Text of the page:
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Home » Blog » Plantains vs. Bananas: How Are They Different?

Plantains vs. Bananas: How Are They Different?

When you’re rushing through the grocery store, you might grab a bunch of bananas, only to realize they’re actually plantains when you check the label.

Bananas and plantains seem alike at first glance, but once you peel them, you’ll notice a big difference! They’re both tasty fruits, but they serve different purposes. Let’s explore the contrasts between bananas and plantains.

How Bananas and Plantains Differ?

Bananas and plantains belong to the same fruit family, but they have distinct appearances, flavors, textures, and culinary uses.

Bananas are usually smaller with thin skin and soft, sweet flesh. Plantains are larger with thicker skin and starchy fruit.

Both fruits ripen from green to yellow to brown, and you can eat them at any stage, although green bananas can taste bitter.

Where They Come From?

Most bananas and plantains thrive in warm, tropical climates. They originated in Southeast Asia and spread to Africa and the Caribbean through trade routes.

Today, you can find many banana varieties worldwide, with the most common type in the US being the Cavendish banana. These bananas mostly come from countries in Central and South America, as well as tropical areas of the US like Florida and Hawaii.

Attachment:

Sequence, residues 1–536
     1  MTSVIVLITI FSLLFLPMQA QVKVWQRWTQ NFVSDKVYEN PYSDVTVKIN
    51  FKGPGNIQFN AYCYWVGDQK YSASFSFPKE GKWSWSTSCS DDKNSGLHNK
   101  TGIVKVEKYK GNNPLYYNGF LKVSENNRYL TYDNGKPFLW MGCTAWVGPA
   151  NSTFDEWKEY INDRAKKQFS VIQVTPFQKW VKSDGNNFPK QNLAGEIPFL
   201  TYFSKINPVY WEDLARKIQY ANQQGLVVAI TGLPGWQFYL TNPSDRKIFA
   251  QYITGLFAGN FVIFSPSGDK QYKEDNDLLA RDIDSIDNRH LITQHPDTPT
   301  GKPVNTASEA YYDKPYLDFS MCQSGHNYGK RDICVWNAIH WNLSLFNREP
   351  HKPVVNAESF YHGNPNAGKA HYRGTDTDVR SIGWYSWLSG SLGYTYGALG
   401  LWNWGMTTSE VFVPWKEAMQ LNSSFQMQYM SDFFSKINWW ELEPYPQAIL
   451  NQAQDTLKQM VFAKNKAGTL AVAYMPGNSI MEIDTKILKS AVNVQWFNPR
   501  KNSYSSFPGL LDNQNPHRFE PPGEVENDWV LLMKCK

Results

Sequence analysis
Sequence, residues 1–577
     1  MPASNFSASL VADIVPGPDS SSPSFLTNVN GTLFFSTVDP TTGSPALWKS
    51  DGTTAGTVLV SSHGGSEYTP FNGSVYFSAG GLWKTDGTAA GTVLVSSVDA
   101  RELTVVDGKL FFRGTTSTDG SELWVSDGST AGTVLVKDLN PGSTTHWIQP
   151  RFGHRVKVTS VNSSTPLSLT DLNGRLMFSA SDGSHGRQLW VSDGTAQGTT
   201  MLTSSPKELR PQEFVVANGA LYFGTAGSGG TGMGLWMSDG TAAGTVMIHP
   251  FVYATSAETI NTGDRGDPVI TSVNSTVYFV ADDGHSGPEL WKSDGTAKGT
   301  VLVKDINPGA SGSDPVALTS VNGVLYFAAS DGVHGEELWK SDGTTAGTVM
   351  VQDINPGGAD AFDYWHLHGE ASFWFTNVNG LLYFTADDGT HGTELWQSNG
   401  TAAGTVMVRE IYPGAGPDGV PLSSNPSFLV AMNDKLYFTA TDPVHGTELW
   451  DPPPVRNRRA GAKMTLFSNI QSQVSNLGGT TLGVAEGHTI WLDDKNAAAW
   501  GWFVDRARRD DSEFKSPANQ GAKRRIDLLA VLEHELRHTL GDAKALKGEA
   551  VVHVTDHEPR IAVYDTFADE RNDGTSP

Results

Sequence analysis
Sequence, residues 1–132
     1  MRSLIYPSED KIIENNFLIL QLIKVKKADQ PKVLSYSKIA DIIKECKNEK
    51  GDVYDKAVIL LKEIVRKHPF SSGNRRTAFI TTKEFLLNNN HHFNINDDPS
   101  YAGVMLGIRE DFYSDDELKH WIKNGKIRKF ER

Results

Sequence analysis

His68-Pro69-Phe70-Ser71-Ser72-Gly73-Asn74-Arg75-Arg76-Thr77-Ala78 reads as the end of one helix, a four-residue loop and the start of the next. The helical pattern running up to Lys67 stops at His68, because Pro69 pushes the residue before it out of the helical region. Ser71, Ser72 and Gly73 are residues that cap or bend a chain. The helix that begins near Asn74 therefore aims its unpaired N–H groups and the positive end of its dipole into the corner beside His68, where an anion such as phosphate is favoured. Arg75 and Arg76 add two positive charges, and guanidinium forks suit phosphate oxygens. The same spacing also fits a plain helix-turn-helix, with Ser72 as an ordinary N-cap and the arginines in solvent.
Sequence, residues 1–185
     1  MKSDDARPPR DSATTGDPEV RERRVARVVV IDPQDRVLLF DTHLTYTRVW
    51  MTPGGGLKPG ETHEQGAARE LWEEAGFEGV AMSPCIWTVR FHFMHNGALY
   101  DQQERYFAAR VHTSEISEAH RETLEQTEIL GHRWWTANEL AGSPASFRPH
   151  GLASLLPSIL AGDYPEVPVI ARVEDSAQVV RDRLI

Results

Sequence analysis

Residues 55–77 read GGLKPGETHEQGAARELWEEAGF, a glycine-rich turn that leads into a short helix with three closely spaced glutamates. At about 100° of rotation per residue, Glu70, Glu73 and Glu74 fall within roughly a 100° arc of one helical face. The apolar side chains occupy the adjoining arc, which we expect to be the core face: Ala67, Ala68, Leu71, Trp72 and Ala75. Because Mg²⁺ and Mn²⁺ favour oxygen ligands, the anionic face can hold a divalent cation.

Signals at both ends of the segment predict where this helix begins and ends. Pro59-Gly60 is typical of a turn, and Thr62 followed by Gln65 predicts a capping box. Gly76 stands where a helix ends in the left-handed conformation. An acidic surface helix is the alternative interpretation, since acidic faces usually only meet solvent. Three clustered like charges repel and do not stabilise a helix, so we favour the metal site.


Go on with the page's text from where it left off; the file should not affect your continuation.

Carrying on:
Taste Test: Cavendish bananas are delicious raw or used in desserts. Their smooth texture and natural sweetness make them perfect for smoothies or fruit salads. You can even cook them to bring out a caramelized flavor.

Plantains have a higher starch content, so they’re not as sweet, especially when green. They’re best cooked—sauteed, fried, baked, or boiled. Plantains are popular in Caribbean, African, and South American cuisines, featuring in both savory dishes and desserts.

Nutritional Comparison

Bananas and plantains offer similar nutrients like potassium, magnesium, vitamin C, and fiber. Bananas have more sugar, while plantains have more starch.

How healthy they are depends on how you prepare them. Fried plantains with sugar won’t be as nutritious as a ripe banana eaten raw.

If you’re new to plantains, start with ripe ones—they’re easier to slice. Try making air-fried plantains for a tasty dish at your next gathering, whether it’s a summer barbecue or a cozy winter meal. You won’t be disappointed!

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Daisy Smith
Daisy Smith